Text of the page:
# Lockable Tree - Google Interview Question

Lockable tree is a great programming interview question asked by Google, and it is a very well thought out one. A lockable tree is a tree with nodes that can be locked if none of its ancestors or descendants is locked. In the question, we are asked to implement locking/unlocking operations that should run in O(h) time where h is the height of the tree. Lock/unlock methods do not need to be thread-safe.

## Overview

This is a very well-crafted interview question by Google. Both the requirements and the question itself are quite clear, which is a rarity in the industry. Often, the interviewers will intentionally make the question a little obscure, so they can observe how you do your requirements analysis and if you can communicate with the interviewers clearly. However, in this case, the requirements are clear cut, which I think reflects how Google operates. It is a medium difficulty question. But a fair knowledge of tree data structures is necessary to come up with a clean and concise solution. Do not worry though, I have an article comping up on general tree structures soon.

## Question

Design a tree with nodes that can be locked if none of its ancestors or descendants is locked. Locking/unlocking operations should run in O(h) time (h = height of the tree). Lock/unlock methods do not need to be thread-safe.

## Requirements Analysis

• Required time complexity: O(h)
• Required space complexity: Unspecified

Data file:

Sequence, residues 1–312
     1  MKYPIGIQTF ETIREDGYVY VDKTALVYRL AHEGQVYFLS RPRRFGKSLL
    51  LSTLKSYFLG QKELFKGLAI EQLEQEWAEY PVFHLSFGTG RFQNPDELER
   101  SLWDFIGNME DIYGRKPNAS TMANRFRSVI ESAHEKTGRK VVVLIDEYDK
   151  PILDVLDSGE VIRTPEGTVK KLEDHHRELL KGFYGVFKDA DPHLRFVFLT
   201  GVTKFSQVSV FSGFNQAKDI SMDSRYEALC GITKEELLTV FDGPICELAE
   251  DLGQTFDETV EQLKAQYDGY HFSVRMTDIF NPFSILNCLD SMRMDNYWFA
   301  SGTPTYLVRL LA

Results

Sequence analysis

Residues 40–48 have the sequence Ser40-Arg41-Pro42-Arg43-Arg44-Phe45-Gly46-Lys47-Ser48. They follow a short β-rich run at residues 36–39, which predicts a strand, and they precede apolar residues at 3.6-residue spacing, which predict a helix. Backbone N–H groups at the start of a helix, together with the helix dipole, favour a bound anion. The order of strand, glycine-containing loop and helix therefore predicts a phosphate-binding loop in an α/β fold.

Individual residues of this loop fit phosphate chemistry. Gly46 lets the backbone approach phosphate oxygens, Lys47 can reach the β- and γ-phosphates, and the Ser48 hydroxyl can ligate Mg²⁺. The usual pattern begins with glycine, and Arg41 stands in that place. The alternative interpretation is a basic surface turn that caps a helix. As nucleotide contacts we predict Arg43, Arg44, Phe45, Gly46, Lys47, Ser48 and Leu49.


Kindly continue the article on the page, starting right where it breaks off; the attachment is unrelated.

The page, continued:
• If necessary, we can sacrifice any amount of space complexity to hit the time complexity target for lock/unlock methods.
• For instance we can store some info in nodes about the state of ancestor/descendant/sibling nodes.
• Thread-safety is not a concern, meaning all locking/unlocking operations will run in the same thread.

## Brute Force Approach: lock()

• Check if node to be locked is already locked or have locked descendants. If so, stop.
• Check if any of the ancestors are locked. If so, stop.
• Time complexity: O(n) (n = node count)
• Space complexity: O(1)

## Improvement

Let’s try to implement a basic lock() method with O(h) time complexity target (h = height of the tree):

• Calculate time complexity for: locking the root node.
• Calculate time complexity for: locking bottom nodes.
• Calculate time complexity for: locking sibling nodes.
• Think of what variables we can store in nodes to reduce time complexity.

## Solution: Parents Keep Track of Locked Descendants

Store locked and lockedDescendantCount variables in each node.

### Method: lock()

• Check if node to be locked is already locked or have locked descendants using the variables. If so, stop.
• Check if any of the ancestors are locked. If so, stop.
• Inform all ancestors that their locked descendant count increased by one.
• Time complexity: O(h)
• Space complexity: O(1)

### Method: unlock()

• Check if node to be unlocked is already unlocked. If so, stop.
• Inform all ancestors that their locked descendant count decreased by one.
• Time complexity: O(h)
• Space complexity: O(1)

## Tips!

• Write tests if you have time. I almost forgot that siblings could be locked/unlocked independently but realized that mistake while writing tests!
• I have a article coming up on General Tree Implementations. If your knowledge on generic trees is lagging, check it out when it is published.
• All my Algorithms Series is full of questions like this one from top software companies. You can see them listed on the home page.